This is why I can’t commit to blogging: “It made me sad to think that these people felt like they needed to
      record each painting or photo instead of just taking the time to enjoy
      and experience it.”

    • your cousin

      I stopped taking pictures of sites and scenery when I realized that a) seeing them through the camera lens was ruining my experience of seeing them in real life and b) I can look up most of that stuff online. I barely ever take pictures anymore – only ever of people I know or of very rare occurrences that I don’t want to forget.

    • Bob bill

      this is so true. thank god this was posted.

    • wamp wamp

      You just sound like a snob. Have you ever considered that not everyone is able to live in NY and visit MoMA as frequently as you are? Maybe those taking photos have waited their entire lives to see their favorite priceless works of art in person. The first time I was able to visit I took all of the pictures I could. And no, not to put them on facebook to validate my love of art. You may be surprised to find that not everyone uses the Internet for shameless self promotion. The photos sit in an album that I frequently look at when I feel an itch to travel, or when I need inspiration. Everyone knows that museums, historical landmarks, beautiful outdoor landscapes, etc. are tourist traps. I understand that taking images in through your own eyes vs. the camera offers a different experience, but who are you to say that someone cannot have their own unique experience? Honestly, who cares what someone takes a picture of? If you don’t want a photo, don’t take one.

    • http://twitter.com/palespectre flipside of a memory

      Some points I agree with, but different people have different reasons. And just because one takes a photo doesn’t mean he or she wasn’t able to enjoy and experience it.  I personally would take picture if it was a huge passion of mine or if I waited all my life just to experience it or see something.  I am more bothered with people who video shows/gigs/concerts.  The band/artist is in front of you, wouldn’t you rather watch that and enjoy the experience, instead of through how many cm of viewfinder, etc.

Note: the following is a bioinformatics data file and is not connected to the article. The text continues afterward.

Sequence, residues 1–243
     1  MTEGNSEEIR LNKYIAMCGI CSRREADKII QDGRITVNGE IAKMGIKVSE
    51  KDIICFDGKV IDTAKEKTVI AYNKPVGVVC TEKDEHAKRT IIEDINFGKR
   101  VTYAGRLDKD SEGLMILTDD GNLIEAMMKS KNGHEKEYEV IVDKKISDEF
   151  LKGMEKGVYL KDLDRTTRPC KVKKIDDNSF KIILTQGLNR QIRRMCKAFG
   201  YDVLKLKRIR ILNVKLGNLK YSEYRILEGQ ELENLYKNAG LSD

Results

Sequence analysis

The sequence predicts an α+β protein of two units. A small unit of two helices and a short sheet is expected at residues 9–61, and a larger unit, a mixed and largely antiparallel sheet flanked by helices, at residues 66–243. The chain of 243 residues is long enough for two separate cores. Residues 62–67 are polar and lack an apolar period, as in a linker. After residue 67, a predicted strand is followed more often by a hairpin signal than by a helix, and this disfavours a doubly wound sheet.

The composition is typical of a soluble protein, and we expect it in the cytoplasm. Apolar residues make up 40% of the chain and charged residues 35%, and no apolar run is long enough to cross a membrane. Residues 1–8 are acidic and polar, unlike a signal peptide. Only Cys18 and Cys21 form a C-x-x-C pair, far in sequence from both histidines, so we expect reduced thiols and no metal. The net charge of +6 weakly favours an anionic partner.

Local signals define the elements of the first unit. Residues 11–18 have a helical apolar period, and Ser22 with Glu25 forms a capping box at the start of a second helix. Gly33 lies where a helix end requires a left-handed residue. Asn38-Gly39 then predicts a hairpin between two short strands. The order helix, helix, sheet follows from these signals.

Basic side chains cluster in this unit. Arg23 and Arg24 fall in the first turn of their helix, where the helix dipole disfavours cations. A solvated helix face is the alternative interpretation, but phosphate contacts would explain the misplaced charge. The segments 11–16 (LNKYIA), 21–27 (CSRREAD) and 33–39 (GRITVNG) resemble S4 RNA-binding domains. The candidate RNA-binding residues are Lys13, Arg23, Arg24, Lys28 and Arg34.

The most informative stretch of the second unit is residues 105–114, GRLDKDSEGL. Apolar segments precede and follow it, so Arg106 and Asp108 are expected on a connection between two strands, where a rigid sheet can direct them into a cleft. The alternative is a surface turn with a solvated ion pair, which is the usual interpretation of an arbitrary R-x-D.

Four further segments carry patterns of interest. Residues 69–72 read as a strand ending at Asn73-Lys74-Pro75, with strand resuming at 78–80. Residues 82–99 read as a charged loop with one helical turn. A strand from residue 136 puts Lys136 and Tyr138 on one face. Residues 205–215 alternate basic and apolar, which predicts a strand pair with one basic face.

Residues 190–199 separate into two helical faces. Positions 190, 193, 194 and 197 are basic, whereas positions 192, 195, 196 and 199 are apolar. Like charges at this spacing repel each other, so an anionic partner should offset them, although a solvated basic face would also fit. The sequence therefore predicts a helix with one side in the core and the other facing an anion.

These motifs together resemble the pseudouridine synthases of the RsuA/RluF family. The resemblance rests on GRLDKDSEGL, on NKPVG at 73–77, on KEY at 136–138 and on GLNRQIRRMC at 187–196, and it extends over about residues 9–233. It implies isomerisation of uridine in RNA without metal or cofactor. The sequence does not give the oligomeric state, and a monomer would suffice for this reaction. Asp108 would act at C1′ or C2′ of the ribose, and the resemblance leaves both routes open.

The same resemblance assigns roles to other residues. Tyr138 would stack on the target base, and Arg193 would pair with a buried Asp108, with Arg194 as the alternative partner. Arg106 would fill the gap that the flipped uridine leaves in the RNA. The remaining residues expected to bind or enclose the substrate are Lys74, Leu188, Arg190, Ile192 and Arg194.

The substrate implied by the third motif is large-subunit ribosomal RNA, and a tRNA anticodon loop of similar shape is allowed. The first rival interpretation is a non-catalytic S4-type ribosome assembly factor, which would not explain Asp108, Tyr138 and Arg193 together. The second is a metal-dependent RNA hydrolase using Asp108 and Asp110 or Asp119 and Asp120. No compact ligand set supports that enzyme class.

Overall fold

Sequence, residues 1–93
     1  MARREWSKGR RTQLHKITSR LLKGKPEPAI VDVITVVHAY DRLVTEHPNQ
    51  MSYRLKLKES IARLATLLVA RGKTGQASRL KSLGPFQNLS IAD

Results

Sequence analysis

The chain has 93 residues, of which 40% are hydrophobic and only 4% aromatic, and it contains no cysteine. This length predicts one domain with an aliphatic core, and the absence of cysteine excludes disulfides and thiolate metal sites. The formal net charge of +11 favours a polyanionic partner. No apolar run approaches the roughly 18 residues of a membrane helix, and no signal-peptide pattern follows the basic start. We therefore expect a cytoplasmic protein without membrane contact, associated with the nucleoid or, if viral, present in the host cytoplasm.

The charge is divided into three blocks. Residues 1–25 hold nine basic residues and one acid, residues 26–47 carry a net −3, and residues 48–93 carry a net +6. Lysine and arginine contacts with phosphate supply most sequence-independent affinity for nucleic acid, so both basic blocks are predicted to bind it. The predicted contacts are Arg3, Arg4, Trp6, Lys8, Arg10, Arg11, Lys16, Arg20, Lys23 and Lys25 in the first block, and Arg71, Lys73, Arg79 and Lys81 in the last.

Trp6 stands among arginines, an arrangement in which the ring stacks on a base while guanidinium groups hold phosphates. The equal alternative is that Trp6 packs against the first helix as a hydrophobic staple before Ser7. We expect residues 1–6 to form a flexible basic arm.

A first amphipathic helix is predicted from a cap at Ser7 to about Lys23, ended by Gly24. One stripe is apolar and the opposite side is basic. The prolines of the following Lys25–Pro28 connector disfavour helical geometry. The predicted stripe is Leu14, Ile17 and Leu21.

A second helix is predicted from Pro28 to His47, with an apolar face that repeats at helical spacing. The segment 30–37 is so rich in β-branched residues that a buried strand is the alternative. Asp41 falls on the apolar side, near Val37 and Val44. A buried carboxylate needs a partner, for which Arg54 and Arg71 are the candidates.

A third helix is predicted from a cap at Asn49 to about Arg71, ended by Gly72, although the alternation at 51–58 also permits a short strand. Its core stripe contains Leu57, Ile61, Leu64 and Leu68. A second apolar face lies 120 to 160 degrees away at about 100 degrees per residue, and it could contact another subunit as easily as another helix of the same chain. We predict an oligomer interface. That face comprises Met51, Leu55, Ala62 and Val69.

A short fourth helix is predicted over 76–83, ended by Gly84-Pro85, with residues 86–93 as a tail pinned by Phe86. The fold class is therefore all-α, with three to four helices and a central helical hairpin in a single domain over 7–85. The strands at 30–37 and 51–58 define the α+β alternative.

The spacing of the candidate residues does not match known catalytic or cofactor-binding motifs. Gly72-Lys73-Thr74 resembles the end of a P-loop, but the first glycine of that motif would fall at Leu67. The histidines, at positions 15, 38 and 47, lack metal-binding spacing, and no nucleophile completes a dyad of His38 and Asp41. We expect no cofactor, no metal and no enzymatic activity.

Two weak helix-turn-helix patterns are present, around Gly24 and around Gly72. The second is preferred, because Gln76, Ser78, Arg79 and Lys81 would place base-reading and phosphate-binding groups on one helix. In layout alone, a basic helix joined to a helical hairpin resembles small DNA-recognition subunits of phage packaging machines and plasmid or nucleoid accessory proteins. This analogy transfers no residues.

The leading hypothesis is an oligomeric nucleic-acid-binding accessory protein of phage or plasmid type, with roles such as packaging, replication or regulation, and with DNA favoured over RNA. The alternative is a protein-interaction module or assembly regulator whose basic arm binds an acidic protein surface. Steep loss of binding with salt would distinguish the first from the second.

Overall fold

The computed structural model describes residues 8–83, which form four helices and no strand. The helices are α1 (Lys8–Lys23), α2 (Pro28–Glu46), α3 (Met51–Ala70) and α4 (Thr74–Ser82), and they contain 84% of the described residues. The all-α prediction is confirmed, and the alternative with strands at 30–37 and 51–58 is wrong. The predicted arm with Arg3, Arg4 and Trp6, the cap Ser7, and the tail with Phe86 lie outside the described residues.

• Jes

      Or it’s not that big of a deal. 

      Let people take pictures of whatever they want?  Let the swarms of Japanese tourists that create revenue for our city everyday anyways snap away?

      You sound like one of THOSE people who just judges other people based on their behavior.  Maybe you should just mind your own business and live your own life rather than criticizing the lifestyles of others.

      Just saying.

      • http://somuchtocome.blogspot.com Aja

         Doesn’t everyone judge others based on their behavior?  I mean without behavior how else do we judge?  On appearance solely?  I think we both know that doesn’t work . . .

    • John Cortes

      While I do agree it useless to photograph well documented works of art, that have been say, professionally scanned and readily available. . You kind of just hated about casual photography in general such as that of scenery and in that I feel each photo still retains it’s own uniqueness and composition that renders it reasonable. Why must you be a professional to enjoy this art?

    • Guestropod

      But they do see and eat and enjoy the food, just afterwards.  It’s not take a picture of the food OR enjoy the food (or the art, or the I can’t remember what else you said).  

    • http://www.nosexcity.com NoSexCity

      I don’t take many pictures and I appear in even less. Life’s too short to spend my time trying to chronicle it instead of living it.

    • Broganhickman

      Some people can find beauty in photos of “mundane” objects. This is just you bitching and honestly proving that you need to open your mind a little more.

    • http://profiles.google.com/rushelmiller Rushel Miller

      I’s kind of sad that people are being so harsh and defensive about this. I totally understand where you’re coming from.

      Gone are the days when people are having so much fun experiencing a moment, they don’t have the time to document every second of it.